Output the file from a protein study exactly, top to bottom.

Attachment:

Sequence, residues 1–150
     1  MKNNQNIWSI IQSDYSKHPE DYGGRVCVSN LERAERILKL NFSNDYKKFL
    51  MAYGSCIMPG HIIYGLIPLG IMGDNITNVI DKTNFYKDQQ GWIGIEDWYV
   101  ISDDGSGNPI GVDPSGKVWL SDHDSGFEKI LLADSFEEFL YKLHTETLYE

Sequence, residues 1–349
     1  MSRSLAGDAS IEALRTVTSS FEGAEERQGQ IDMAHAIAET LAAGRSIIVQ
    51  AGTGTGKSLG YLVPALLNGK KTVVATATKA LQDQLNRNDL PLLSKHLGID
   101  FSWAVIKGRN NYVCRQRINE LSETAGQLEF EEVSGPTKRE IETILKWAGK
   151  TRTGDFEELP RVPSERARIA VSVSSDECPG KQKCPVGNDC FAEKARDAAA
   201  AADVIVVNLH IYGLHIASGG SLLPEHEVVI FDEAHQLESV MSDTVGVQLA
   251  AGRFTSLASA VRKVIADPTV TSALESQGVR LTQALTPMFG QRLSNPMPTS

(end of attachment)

Sequence, residues 1–150
     1  MKNNQNIWSI IQSDYSKHPE DYGGRVCVSN LERAERILKL NFSNDYKKFL
    51  MAYGSCIMPG HIIYGLIPLG IMGDNITNVI DKTNFYKDQQ GWIGIEDWYV
   101  ISDDGSGNPI GVDPSGKVWL SDHDSGFEKI LLADSFEEFL YKLHTETLYE

Sequence, residues 1–349
     1  MSRSLAGDAS IEALRTVTSS FEGAEERQGQ IDMAHAIAET LAAGRSIIVQ
    51  AGTGTGKSLG YLVPALLNGK KTVVATATKA LQDQLNRNDL PLLSKHLGID
   101  FSWAVIKGRN NYVCRQRINE LSETAGQLEF EEVSGPTKRE IETILKWAGK
   151  TRTGDFEELP RVPSERARIA VSVSSDECPG KQKCPVGNDC FAEKARDAAA
   201  AADVIVVNLH IYGLHIASGG SLLPEHEVVI FDEAHQLESV MSDTVGVQLA
   251  AGRFTSLASA VRKVIADPTV TSALESQGVR LTQALTPMFG QRLSNPMPTS